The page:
The European Commission told The Local: “Non-EU nationals holders of residence permits are not in the scope of the Entry/Exit System and ETIAS. When crossing the borders, holders of EU residence permits should be able to present to the border authorities their valid travel documents and residence permits.”

We also asked the French Interior Ministry – who are in charge of operating border controls in France – and they told us: “EES only concerns non-European nationals, without a long-stay visa or residence permit, who are making private or tourist visits for periods of less than 90 days”.

In other words – EES does not concern people who are residents in France or have a long-stay visa.

The Interior Ministry spokesman continued: “People with a titre de séjour residency permit or long-stay visa must present these documents at the border. The control process does not change these categories of travellers.”

What this means in practice is that people with a visa or residency permit cannot use the automated passport gates, and must instead go to a manned booth so that they can show both their passport and residency card/visa. This is likely to mean extra waiting times at busy periods.

Second-home owners and frequent visitors with a visa – some people who make frequent trips to France but do not live here – especially second-home owners – have obtained a visitor visa in order to avoid the constraints of the 90-day rule.

As with residents, anyone who has a visa must show it at the border in order to avoid starting the 90-day clock, and that means that visa holders cannot use the automated passport gates – as outlined above.

The Commison spokesman said: “If you are a non-EU national travelling for a short stay (maximum 90 days in any 180-day period) to a European country using the EES and if you hold a valid visa for your intended purpose of stay then you should present the valid passport and valid visa when crossing the borderYour stay is limited to the number of days authorised by your short stay visa.”

So how will this actually work in practice?

If you’re a tourist or short-stay visitor and you’re travelling by air or the Eurostar you probably won’t notice much difference since many airports already have automated passport gates in place for certain travellers. In fact, the Commission says this system will be faster than the current system in place for non-EU arrivals.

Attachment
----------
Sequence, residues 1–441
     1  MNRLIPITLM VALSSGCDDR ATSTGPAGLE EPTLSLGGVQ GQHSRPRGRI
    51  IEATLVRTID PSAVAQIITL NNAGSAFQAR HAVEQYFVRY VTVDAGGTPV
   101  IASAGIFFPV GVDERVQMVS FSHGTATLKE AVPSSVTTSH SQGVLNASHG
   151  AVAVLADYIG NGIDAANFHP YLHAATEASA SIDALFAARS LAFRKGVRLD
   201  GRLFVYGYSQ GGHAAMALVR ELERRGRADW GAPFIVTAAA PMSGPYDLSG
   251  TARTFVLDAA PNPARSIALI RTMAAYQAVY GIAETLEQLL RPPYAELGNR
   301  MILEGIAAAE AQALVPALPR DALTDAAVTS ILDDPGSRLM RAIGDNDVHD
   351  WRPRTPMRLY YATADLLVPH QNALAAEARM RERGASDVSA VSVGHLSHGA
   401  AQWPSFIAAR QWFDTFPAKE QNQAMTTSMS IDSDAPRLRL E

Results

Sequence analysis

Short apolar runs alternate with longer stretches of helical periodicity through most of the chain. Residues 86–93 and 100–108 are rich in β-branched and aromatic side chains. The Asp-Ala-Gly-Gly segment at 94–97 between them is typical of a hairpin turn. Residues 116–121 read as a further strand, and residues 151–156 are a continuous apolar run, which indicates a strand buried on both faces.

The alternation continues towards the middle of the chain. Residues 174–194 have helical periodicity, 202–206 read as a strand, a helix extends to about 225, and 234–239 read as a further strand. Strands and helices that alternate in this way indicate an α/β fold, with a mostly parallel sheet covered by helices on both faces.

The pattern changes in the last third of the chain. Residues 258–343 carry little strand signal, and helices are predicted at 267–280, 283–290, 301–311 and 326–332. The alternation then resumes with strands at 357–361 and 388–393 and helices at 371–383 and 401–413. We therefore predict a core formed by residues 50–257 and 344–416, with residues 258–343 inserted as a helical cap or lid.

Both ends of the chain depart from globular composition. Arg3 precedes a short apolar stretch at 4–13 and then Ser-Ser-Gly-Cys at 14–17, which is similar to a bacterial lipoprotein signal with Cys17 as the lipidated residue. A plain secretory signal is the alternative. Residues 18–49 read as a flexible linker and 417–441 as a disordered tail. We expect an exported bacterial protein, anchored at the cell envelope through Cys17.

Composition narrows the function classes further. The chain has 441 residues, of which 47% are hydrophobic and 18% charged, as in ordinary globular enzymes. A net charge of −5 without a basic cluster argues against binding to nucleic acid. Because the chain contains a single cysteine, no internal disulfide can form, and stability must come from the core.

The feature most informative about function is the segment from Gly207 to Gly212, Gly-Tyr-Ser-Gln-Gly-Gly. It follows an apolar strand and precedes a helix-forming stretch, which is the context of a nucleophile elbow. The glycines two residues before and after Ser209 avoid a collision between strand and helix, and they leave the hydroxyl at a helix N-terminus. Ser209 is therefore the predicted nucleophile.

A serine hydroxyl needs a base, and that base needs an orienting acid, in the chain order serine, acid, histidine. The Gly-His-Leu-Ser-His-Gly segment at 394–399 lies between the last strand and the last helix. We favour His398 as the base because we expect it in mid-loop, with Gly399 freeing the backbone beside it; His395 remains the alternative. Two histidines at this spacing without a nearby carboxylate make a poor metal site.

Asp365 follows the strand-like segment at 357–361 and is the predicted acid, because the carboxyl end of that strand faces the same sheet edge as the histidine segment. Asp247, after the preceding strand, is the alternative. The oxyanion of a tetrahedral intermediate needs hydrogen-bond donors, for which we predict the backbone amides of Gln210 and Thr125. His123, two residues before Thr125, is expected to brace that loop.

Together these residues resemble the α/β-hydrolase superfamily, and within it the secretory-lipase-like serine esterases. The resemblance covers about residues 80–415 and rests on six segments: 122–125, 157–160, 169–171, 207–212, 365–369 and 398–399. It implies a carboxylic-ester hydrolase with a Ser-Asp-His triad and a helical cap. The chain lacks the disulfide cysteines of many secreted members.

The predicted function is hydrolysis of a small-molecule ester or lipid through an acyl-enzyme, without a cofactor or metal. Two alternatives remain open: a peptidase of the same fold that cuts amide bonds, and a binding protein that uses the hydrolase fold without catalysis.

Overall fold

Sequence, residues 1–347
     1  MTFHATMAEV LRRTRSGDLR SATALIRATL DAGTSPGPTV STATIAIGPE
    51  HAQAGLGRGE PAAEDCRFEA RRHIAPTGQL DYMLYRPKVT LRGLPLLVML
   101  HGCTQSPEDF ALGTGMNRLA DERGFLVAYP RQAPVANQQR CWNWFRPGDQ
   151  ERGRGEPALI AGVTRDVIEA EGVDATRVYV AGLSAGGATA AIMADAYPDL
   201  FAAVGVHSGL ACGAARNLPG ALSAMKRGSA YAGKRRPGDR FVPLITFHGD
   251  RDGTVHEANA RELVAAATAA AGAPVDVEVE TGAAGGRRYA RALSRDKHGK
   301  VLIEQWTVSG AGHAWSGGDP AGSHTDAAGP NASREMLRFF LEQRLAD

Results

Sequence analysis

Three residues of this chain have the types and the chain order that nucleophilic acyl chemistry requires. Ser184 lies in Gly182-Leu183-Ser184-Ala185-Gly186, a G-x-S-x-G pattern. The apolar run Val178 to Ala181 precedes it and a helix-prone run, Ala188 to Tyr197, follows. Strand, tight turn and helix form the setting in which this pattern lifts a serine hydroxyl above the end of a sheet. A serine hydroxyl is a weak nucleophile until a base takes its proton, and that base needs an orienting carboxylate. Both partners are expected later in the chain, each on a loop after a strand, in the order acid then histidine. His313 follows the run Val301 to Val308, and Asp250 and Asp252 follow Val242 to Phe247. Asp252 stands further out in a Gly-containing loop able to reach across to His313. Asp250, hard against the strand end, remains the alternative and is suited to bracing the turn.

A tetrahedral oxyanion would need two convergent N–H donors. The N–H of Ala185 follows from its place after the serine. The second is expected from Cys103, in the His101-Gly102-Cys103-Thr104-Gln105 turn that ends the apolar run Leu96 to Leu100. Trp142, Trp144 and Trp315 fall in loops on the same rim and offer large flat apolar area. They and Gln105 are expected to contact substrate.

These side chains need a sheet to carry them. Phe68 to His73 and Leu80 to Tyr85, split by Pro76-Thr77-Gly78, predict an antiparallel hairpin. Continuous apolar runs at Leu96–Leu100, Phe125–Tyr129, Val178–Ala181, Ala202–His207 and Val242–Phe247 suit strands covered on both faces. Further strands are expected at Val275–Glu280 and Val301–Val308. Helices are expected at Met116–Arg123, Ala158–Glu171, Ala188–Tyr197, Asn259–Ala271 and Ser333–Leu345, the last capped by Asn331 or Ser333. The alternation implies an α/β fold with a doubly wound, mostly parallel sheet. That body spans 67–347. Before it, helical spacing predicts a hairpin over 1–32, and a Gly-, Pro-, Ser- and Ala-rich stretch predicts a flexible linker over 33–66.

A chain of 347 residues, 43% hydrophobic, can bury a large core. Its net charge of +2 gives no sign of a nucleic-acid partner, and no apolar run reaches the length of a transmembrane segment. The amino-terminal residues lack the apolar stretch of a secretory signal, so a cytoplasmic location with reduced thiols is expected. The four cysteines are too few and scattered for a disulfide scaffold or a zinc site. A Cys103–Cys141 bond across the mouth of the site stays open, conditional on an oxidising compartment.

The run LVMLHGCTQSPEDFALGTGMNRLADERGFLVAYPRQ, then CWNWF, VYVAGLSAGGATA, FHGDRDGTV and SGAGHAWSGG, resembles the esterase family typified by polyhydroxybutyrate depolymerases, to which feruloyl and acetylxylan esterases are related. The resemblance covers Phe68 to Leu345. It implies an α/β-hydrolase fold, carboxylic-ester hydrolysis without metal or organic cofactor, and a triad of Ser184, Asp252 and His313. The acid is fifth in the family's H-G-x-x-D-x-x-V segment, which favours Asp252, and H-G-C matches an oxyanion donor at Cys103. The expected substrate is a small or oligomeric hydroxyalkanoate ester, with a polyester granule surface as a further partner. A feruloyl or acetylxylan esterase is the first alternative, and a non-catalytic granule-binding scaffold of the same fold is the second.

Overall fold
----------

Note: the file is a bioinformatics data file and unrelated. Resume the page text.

If you are a French resident, you need to remember to avoid the automated passport gates and choose a manned booth so that you can show your residency card or visa along with your passport.

The Commision told us: “Non-EU citizens residing in the EU are not in the scope of the EES and will not be subject to pre-enrollment of data in the EES via self-service systems. The use of automation remains under the responsibility of the Member States and its availability in border crossing points is not mandatory.”

However things are less clear for people travelling by car – by ferry or Eurotunnel – from the UK. At present the system is set up so that groups such as families travelling by car can enter their passport information online before travelling, and then simply hand over passports for stamping while staying in the car.

The EES system would require all passengers to get out of the car and have their passports and faces scanned, and scan fingerprints, which would obviously take longer. UK Channel ports have already seen long queues at peak times since Brexit, and a more complicated system would make these bottlenecks even worse.

The bosses of both the Port of Dover and the Eurostar have raised the alarm about an increase in waiting times.

The EES affects only the French passport control sites, not the British border checks, and there are three French passport control sites in the UK – at the ports of Dover and Folkestone and at St Pancras station for the Eurostar.

The French Interior Ministry told us that it is “voluntary, not mandatory” for the French to install EES infrastructure at these three places, and discussions are currently ongoing between the British and the French on how to handle this.

The Commission confirmed that decisions on installing new automated systems at the border is a decision for each Member State – so France will have the final say on new arrangements at its border with the UK.